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Päivi brink

Anne Lunell from Koppi knows that success demands practice

Anne Lunell is one of the few women who have succeeded in the Swedish coffee championships. Since 2007, she has been running her Koppi roastery with her fiancée Charles Nystrand. 

Anne Lunell and Charles Nystrand, both known from Koppi Coffee Bar and Koppi Roasters, decided to close down their café last year to concentrate fully on roasting. They now want to grow the company in order to have a healthy, sustainable business also in the future. About 90 % of Koppi’s coffee is exported. Their coffee style is light, sweet and fruity.

“Our ambition when roasting is to maximize the sweetness and acidity of the coffee, but minimize the bitterness. The name Koppi comes from the Indonesian word for coffee, Kopi. We added a “p” since we liked it better visually,” Lunell says. 

She gets inspired every day by her team and customers, but most of all by the people that produce their coffees.

“It’s their hard work and constant drive to become better that is my biggest inspiration. They make me want to learn more, push harder. I spend four to five weeks every year at the different origins, and I do believe we must pay more for our coffee if we want to drink it in future.” 

Anne Lunell and Charles Nystrand koppi

Anne Lunell encourages baristas to get out of their comfort zones

Lunell’s training for barista competitions started when she closely followed how Nystrand prepared himself for the Swedish Barista Championships in 2004 and 2005. In his second year, he won the competition.

 “I worked in the same coffee shop as Charles. I also decided to participate in the Swedish Barista Championships in 2006 and won it. It’s quite rare to win in your first year,” Anne Lunell says. 

Lunell represented Sweden at the World Barista Championship.

“Twelve years ago, there weren’t many people involved in the specialty coffee segment. That’s why we quickly became friends with the other competitors from around the world. Many of them are still very active and influential on the specialty coffee scene,” Lunell says.

Most importantly, Lunell and Nystrand got to know the founder of the Norwegian coffee roastery and coffee shop Kaffa, Robert W. Thoresen, who was also the winner of the World Barista Championships in 2000. Soon after meeting Thoresen, Nystrand and Lunell started working at Java in Oslo and learned enough about coffee to start their own business a year later.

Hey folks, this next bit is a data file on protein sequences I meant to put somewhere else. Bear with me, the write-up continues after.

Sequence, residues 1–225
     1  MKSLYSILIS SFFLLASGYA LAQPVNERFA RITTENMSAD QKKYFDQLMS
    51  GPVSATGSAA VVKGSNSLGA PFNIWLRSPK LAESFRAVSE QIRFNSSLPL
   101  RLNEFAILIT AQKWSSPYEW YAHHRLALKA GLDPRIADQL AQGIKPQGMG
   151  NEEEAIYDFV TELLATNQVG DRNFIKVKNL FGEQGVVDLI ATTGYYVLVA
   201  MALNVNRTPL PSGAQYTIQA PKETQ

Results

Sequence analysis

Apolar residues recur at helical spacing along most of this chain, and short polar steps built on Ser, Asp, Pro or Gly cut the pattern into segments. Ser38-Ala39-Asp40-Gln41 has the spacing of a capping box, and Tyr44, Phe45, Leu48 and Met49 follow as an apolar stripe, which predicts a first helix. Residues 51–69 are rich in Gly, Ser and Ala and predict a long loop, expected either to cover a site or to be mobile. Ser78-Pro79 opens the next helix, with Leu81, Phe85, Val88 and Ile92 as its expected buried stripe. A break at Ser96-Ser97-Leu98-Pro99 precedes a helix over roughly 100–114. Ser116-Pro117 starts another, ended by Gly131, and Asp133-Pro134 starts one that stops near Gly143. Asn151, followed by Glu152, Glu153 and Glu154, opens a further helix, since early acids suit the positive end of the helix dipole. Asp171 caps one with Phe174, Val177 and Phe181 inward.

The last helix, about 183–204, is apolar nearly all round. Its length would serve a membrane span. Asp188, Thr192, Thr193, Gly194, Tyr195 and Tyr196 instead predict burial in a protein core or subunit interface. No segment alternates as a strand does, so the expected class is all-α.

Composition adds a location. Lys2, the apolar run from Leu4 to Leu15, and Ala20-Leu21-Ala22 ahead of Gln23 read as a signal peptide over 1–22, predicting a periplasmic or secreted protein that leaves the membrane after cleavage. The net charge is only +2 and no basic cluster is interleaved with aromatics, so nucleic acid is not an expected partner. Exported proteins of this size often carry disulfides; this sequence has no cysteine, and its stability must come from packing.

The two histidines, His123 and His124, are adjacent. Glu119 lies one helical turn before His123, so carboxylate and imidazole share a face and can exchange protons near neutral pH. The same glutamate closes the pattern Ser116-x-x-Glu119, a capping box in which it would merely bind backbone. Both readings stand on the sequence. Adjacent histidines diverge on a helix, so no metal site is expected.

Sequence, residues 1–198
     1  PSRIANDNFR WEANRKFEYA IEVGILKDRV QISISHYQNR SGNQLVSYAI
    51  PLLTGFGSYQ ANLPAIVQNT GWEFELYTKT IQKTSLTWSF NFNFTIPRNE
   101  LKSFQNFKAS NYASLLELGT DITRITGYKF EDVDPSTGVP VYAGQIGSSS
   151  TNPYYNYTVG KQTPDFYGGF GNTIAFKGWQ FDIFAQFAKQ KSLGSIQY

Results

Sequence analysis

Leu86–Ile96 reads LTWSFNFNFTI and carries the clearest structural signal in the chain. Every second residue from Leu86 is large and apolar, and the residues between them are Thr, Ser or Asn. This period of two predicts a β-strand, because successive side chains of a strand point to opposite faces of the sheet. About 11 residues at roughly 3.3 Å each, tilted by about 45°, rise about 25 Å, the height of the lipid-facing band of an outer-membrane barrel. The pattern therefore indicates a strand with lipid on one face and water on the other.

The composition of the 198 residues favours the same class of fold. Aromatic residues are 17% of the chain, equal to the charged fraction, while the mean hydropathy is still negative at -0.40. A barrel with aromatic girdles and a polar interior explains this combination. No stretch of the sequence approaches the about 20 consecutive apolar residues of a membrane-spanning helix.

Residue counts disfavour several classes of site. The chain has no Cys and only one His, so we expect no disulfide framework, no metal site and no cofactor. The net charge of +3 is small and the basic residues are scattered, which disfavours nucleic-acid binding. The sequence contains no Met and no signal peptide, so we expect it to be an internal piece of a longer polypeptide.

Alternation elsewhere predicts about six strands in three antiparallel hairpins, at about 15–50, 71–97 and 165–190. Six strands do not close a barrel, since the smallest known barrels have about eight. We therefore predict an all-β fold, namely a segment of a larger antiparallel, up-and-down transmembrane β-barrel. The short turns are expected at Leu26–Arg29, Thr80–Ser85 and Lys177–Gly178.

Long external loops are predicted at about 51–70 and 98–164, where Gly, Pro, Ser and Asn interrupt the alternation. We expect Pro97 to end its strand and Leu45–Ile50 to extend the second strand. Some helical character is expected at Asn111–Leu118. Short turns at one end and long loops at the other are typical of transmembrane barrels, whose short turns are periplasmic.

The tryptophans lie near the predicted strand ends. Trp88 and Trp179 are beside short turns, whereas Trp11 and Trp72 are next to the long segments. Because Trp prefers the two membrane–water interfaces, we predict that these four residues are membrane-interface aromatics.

After her strong start, Lunell did not compete in coffee competitions for 10 years. In 2016, she returned with a win at the Brewers Cup in Sweden.  

“I don’t really like competing, but it forces you to step out of your comfort zone and challenge yourself,” Lunell says. 

Koppi coffee roastery labels

A little help and a lot of practice makes a Barista Champion

In June 2018, Agnieszka Rojewska from Poland became the first woman to win the World Barista Championship. Why did it only happen now?
“There are more men than women competing in coffee competitions. Perhaps men are more competitive than women by nature, or perhaps some boys are brought up to be more competitive. I’ve noticed that men are often better at asking for help from other people when they need it,” Lunell says. 

Lunell herself asked for help from many friends in the industry when she was preparing to compete in the Brewers cup in 2016. 

“Everyone offered to share their time and knowledge with me without hesitation, for which I’m eternally grateful. But, at the end of the day, it all comes down to practicing on your own. It is you as a competitor that has to put in the hours, the effort and energy it takes to become better. No one else can do it for you,” Lunell says.  

Anne Lunell
•    Place of birth: Lund, Sweden
•    Town where you live: a small fishing village called Skäret, near Helsingborg
•    Favourite coffee off-duty: I enjoy what’s in season. I do have a weak spot for Ethiopian and Colombian coffees though. I prefer having my coffee black, usually made with a V60 dripper.